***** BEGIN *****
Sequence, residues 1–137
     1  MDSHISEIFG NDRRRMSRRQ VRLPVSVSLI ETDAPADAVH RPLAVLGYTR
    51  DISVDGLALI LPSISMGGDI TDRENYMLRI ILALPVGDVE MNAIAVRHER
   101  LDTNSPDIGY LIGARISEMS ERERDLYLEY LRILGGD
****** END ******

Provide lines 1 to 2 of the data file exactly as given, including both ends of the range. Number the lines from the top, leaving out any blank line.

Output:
Sequence, residues 1–137
     1  MDSHISEIFG NDRRRMSRRQ VRLPVSVSLI ETDAPADAVH RPLAVLGYTR